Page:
Lady Mar again and again pressed the cold letter of Wallace to her burning bosom. "The regent does not mention these matters in his letter to me," said she, casting an exulting glance over the glowing face of Helen. But Helen did not notice it; she was listening to Edwin, who with joyous animation, related every particular that had befallen Wallace from the time of his rejoining him to that very moment. The countess heard all with complacency, till he mentioned the issue of the conference with Edward's first ambassadors. "Fool!" exclaimed she to herself, "to throw away the golden opportunity, that may never return!" Not observing her disturbance, Edwin went on with his narrative; every word of which spread the eloquent countenance of Helen with admiration and joy.

Since her heroic heart had wrung from it all selfish wishes with regard to Wallace, she allowed herself to openly rejoice in his success, and to look up unabashed when the resplendent glories of his character were brought before her. None but Edwin made her feel her exclusion from her soul's only home, by dwelling on his gentle virtues; by portraying the exquisite tenderness of his nature, which seemed to enfold the objects of his love in his heart of hearts. When Helen thought on these discourses she would sigh, but it was a sigh of resignation, and she loved to meditate on the words which Edwin had carelessly spoken;–that "she made herself a nun for Wallace!"–"And so I will," said she to herself; "and that resolution stills every wild emotion. All is innocence in heaven, Wallace! You will there read my soul, and love me as a sister."

In such a frame of mind did she listen to the relation of Edwin; did her animated eye welcome the entrance of Badenoch and Loch-awe, and their enthusiastic encomiums on the lord of her heart. Then sounded the trumpet; and the herald's voice in the streets proclaimed the victory of the regent. Lady Mar rushed to the window, as if there she would see himself. Lady Ruthven followed, and as the acclamations of the people echoed through the air, Helen pressed the precious cross of Wallace to her bosom and hastily left the room to enjoy the rapture of her thoughts in the blessed retirement of her own oratory.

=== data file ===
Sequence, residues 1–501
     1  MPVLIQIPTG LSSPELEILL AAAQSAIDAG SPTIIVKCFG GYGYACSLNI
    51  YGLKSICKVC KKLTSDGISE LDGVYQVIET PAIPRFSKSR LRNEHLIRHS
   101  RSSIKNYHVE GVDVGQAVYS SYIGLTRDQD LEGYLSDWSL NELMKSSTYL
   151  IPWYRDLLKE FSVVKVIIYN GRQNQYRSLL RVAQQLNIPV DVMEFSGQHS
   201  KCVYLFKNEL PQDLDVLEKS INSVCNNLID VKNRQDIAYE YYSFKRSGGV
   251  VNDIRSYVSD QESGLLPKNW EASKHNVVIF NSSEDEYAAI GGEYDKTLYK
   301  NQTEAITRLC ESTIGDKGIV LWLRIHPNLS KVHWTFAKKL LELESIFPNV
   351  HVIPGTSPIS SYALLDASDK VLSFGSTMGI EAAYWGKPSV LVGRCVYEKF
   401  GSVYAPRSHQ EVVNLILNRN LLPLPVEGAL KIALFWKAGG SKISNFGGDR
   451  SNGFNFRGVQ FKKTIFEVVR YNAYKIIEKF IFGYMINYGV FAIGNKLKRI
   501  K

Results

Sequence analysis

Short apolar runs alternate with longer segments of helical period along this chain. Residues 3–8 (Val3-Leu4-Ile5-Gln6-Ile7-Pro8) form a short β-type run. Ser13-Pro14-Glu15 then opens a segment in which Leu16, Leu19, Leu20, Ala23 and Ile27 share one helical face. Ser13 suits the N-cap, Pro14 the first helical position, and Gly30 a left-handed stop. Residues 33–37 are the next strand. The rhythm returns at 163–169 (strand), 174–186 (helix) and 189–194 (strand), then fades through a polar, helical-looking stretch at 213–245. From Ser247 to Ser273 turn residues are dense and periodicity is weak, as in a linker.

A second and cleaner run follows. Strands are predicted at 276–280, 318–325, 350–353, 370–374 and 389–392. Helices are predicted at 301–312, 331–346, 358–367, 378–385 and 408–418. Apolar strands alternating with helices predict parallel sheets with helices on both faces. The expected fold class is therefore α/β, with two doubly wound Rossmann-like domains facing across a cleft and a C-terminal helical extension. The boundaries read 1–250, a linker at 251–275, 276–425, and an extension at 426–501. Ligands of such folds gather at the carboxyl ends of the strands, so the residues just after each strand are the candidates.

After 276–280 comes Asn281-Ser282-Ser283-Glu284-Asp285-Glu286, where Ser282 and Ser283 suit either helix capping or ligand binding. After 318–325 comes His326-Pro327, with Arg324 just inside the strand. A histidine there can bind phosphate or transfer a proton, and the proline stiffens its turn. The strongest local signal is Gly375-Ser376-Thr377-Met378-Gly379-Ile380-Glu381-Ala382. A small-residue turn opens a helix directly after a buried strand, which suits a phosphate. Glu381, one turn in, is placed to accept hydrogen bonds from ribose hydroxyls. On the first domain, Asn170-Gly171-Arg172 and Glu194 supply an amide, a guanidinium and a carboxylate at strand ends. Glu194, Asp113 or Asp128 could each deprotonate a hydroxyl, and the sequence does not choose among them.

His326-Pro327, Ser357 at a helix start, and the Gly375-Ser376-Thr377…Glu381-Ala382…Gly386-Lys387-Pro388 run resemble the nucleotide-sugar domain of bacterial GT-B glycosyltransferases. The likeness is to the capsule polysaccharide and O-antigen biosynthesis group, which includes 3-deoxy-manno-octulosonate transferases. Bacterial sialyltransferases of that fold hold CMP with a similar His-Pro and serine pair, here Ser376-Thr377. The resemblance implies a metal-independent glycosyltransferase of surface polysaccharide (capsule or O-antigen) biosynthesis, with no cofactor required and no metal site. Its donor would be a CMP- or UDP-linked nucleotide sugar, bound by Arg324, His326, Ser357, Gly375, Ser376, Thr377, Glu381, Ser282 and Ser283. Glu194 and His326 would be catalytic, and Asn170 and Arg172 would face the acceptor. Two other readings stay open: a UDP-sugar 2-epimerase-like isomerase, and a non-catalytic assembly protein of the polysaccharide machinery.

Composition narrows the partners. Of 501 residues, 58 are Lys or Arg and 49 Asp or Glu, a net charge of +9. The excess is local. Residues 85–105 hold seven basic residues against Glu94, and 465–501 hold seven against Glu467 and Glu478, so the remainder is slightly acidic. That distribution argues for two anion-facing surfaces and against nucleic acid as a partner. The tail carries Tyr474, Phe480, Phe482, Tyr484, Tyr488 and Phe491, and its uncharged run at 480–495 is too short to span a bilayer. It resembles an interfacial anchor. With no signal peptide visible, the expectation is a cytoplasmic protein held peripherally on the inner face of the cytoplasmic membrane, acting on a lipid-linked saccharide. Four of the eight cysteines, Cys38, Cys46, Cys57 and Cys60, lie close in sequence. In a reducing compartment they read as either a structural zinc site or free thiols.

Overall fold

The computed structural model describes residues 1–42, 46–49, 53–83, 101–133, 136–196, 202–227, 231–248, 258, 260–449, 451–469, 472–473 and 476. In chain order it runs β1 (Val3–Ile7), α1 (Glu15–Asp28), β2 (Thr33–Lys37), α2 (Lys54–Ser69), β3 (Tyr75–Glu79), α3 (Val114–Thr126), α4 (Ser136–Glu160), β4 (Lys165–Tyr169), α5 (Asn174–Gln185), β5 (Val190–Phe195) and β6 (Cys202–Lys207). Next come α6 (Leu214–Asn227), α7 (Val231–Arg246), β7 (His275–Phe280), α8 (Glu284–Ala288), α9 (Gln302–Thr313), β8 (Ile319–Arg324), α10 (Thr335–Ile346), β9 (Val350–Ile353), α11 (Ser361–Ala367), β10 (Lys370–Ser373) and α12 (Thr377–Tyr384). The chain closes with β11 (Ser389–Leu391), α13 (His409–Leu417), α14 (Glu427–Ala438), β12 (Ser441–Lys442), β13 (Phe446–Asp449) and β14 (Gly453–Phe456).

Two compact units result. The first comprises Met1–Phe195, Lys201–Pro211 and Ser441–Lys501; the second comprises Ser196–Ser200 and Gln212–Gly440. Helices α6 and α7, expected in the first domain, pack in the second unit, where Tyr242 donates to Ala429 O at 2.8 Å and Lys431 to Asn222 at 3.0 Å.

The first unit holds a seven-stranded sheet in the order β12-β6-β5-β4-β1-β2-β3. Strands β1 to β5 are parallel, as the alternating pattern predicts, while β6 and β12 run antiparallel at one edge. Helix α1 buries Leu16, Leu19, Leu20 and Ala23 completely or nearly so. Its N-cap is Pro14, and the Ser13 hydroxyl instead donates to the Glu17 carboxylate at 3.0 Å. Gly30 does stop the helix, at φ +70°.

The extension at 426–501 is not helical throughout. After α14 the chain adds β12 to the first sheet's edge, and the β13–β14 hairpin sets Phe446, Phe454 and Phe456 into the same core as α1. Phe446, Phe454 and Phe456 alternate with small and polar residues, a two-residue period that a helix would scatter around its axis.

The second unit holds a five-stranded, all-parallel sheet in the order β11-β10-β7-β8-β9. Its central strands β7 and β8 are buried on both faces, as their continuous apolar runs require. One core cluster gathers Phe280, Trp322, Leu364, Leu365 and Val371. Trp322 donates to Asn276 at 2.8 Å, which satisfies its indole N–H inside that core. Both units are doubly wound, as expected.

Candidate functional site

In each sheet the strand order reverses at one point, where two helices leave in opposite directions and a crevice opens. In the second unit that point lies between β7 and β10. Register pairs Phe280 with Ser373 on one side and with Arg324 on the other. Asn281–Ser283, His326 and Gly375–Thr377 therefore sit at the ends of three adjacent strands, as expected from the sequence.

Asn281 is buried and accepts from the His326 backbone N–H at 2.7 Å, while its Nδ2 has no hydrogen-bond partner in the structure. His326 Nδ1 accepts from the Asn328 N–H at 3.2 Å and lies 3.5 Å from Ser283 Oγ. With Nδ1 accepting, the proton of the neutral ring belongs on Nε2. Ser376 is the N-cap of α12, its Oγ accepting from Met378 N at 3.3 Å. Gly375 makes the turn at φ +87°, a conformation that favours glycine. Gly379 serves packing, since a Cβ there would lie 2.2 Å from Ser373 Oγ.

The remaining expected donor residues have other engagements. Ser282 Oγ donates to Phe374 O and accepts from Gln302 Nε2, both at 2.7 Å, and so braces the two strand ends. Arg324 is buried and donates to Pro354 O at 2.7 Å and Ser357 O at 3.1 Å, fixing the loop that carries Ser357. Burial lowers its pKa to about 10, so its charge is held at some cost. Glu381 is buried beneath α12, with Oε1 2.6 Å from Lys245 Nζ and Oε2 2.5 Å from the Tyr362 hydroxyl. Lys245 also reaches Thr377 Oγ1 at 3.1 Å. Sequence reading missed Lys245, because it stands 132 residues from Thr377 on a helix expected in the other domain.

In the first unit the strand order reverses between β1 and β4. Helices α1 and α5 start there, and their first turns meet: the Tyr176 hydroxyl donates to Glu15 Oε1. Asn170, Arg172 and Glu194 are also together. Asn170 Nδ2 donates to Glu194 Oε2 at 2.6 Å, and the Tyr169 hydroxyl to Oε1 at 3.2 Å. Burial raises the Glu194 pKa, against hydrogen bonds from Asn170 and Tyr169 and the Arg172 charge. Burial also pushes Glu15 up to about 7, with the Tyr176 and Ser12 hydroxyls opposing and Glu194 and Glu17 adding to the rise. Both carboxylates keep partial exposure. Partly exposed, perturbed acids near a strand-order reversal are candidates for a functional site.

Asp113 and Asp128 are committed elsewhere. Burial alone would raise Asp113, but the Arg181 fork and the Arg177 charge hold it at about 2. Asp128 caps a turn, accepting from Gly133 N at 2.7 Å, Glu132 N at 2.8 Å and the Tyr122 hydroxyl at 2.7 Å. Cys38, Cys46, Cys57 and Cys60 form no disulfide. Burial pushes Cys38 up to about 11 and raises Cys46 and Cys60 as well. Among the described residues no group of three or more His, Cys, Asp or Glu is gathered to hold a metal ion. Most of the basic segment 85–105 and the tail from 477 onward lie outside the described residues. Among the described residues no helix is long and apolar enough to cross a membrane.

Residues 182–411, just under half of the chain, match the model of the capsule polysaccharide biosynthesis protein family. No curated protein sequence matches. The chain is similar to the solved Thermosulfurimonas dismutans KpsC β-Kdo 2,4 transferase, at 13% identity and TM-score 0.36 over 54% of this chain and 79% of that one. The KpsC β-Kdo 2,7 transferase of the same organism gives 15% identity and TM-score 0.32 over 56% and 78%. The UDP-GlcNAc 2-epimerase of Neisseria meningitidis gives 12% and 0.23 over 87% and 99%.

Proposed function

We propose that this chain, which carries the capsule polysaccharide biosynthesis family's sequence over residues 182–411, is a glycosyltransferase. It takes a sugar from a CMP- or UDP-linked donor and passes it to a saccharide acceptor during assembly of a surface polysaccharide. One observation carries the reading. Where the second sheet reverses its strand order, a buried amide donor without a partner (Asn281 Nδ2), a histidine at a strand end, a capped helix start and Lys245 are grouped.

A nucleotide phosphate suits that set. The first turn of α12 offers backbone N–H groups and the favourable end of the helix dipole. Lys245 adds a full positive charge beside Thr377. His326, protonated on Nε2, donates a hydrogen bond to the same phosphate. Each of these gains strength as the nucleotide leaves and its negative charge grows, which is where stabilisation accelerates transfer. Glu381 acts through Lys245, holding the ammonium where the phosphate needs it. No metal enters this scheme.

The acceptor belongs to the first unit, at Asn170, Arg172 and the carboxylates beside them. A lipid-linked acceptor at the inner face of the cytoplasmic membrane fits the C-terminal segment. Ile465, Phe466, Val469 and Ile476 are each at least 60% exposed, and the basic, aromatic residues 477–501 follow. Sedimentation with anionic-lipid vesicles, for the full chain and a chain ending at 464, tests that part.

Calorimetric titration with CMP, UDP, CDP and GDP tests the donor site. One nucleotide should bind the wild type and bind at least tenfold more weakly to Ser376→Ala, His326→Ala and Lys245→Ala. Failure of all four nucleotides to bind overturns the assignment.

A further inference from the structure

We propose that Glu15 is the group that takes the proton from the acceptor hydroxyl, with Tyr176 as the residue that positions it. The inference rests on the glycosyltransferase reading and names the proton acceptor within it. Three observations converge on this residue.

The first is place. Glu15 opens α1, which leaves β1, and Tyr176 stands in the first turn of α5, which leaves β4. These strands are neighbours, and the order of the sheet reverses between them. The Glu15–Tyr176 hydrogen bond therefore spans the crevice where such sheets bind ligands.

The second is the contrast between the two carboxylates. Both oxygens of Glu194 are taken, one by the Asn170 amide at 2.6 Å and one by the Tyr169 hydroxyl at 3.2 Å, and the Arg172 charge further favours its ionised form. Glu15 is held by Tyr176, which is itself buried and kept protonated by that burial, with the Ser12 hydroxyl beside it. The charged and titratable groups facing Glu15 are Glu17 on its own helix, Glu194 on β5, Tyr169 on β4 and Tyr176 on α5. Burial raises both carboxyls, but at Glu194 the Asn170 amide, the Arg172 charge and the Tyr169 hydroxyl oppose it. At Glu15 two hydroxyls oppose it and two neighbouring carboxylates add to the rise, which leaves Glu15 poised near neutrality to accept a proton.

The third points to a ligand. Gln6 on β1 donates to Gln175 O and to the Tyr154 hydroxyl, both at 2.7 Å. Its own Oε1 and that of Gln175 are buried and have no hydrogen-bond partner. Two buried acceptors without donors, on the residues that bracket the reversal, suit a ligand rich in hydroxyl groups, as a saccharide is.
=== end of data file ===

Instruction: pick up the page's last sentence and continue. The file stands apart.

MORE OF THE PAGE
In the course of a few days after the promulgation of all this happy intelligence, it was announced that the regent was on his return to Stirling. Lady Mar was not so inebriated with her vain hopes as to forget that Helen might traverse the dearest of them should she again present herself to its object. She therefore hastened to her when the time of his expected arrival drew near; and putting on all the matron, affected to give her the counsel of a mother.

As all the noble families around Stirling would assemble to hail the victor's return, the countess said, she came to advise her, in consideration of what had passed in the chapel before the regent's departure, not to submit herself to the observation of so many eyes. Not suspecting the occult devices which worked in her stepmother's heart, Helen meekly acquiesced, with the reply–"I shall obey." But she inwardly thought,–"I, who know the heroism of his soul, need not pageants, nor acclamations of the multitude, to tell me what he is. He is already too bright for my senses to support, and with his image pressing on my heart, it is mercy to let me shrink from his glorious presence."